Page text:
India’s rupee will extend its best rally in three years and strengthen past 50 per dollar in 12 months as the government’s biggest policy push since 2009 lures investors, according to the most-accurate forecaster.
The rupee will rise 4.4 percent in a year to 49.70, according to Oversea-Chinese Banking Corp., which had the closest estimates in the last six quarters as measured by Bloomberg Rankings. One-month contracts offering the right to buy the rupee are costlier than those to sell for the first time in three years, data compiled by Bloomberg show. The so-called risk reversal rate is below zero compared with 25 basis points for China’s yuan and 49 for the South Korean won.
Overseas funds bought a combined $4.3 billion of Indian bonds and shares last month, after global central banks added monetary stimulus and Prime Minister Manmohan Singh eased rules for foreign investment in retail and airlines and cut fuel subsidies. The measures will give the Reserve Bank of India room to reduce borrowing costs, boosting inflows and the rupee, according to second-ranked Credit Suisse Group AG.
“Recent moves to contain the fiscal deficit have been relatively well received by investors and steps to open up various industries to foreign participation are also perceived to be supportive,” Emmanuel Ng, a strategist at OCBC in Singapore, said in an interview yesterday. “It’s a matter of implementation, conviction and follow-through on the policy reforms.”
The rupee rallied 5.3 percent last quarter, the most since 2009, to become Asia’s best-performing currency from its worst in the preceding three months, data compiled by Bloomberg show. It rose 0.5 percent to 51.8825 a dollar today.
India increased state-controlled diesel prices on Sept. 13 after a 14-month freeze, reducing the government’s fuel-subsidy burden and underpinning plans to curb the widest budget deficit among the largest emerging markets. The shortfall, which was 5.8 percent of gross domestic product in the 12 months ended March 31, may be contained at about 5.3 percent this fiscal year, two officials with knowledge of the estimate said last month.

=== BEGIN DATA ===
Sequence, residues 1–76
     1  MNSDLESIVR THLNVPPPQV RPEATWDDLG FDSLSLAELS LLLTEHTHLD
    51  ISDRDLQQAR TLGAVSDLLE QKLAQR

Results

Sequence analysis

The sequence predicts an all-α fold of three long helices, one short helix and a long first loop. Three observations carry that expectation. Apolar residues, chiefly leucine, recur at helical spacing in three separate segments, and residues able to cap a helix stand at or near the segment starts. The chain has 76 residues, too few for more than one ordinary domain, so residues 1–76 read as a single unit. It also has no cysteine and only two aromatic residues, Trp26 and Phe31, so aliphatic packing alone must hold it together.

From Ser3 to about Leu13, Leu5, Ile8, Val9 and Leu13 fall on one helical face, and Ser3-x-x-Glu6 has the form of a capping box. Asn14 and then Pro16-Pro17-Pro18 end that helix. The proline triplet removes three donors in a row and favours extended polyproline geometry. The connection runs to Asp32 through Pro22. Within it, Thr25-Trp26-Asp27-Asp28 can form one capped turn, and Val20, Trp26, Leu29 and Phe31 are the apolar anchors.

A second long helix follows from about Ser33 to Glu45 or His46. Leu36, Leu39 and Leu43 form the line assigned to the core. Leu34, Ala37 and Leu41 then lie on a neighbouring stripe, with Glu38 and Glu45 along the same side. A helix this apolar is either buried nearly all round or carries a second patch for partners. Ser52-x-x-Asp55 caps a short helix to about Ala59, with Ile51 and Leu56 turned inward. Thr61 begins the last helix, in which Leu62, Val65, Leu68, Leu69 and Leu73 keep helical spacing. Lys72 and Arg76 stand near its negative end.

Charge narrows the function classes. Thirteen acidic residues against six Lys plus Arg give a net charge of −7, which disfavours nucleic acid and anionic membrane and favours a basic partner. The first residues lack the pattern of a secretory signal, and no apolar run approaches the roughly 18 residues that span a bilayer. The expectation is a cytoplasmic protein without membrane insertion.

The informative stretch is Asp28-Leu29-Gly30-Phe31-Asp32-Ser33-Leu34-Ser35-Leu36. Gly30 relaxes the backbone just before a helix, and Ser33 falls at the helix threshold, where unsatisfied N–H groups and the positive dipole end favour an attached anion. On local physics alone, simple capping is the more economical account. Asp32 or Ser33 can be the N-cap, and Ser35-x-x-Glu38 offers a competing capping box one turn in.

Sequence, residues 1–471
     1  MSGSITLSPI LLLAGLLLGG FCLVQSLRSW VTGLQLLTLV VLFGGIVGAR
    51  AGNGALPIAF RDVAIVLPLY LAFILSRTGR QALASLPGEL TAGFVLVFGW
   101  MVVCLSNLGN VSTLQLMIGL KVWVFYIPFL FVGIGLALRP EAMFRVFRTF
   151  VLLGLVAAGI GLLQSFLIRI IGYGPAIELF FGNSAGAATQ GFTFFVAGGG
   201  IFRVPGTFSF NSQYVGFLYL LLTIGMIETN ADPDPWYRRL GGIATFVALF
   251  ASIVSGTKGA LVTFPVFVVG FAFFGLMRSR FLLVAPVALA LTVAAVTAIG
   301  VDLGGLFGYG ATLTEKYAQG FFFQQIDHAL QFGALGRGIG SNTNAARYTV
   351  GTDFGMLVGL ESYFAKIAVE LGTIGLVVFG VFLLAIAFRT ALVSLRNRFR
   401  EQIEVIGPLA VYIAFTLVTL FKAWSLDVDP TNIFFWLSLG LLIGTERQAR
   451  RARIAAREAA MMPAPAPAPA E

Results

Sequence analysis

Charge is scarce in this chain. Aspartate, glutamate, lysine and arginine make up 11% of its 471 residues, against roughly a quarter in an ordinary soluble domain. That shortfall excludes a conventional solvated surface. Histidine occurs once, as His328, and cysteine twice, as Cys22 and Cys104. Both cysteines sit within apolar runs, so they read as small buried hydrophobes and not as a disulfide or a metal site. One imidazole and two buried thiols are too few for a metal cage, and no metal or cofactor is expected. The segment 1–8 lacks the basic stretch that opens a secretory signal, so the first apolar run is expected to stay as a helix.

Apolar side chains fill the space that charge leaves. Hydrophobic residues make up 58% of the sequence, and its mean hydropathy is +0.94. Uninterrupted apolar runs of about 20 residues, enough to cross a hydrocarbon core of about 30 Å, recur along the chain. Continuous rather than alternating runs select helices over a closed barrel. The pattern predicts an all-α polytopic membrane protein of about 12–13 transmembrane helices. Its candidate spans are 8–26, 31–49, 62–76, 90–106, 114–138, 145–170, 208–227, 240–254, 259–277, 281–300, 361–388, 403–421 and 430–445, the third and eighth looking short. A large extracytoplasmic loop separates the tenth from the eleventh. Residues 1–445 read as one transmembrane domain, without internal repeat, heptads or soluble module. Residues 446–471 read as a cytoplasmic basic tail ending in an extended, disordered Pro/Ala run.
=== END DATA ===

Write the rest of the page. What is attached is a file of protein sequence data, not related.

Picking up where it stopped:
Singh’s cabinet on Sept. 14 allowed overseas retailers such as Wal-Mart Stores Inc. to open outlets with 51 percent ownership, said foreign airlines can own minority stakes in local carriers and approved stake sales in four state companies including National Aluminium Co. On Sept. 21, the government cut the so-called withholding tax, a levy on interest earned by overseas investors and lenders from foreign-currency bonds and loans of Indian companies, to 5 percent from 20 percent for three years starting July 1, 2012.
Global funds responded by pumping $4.1 billion into holdings of Indian shares last month, the biggest inflow since February, while investments in debt increased $262 million, according to data from the securities regulator.
A stronger rupee makes oil imports cheaper for the nation that buys 80 percent of its crude overseas. This helps narrow the current-account deficit, further boosting the currency, according to Credit Suisse, which predicts an appreciation to around 50 a dollar in the next three or four months.
“The economic reforms are likely to make it easier to finance the deficit,” Robert Prior-Wandesforde, an economist with Credit Suisse in Singapore, said by e-mail yesterday. “By opening up more sectors to foreigners, inward direct investment should improve in time. This will enhance the quality of the inflows, hopefully improving the stability of the rupee.”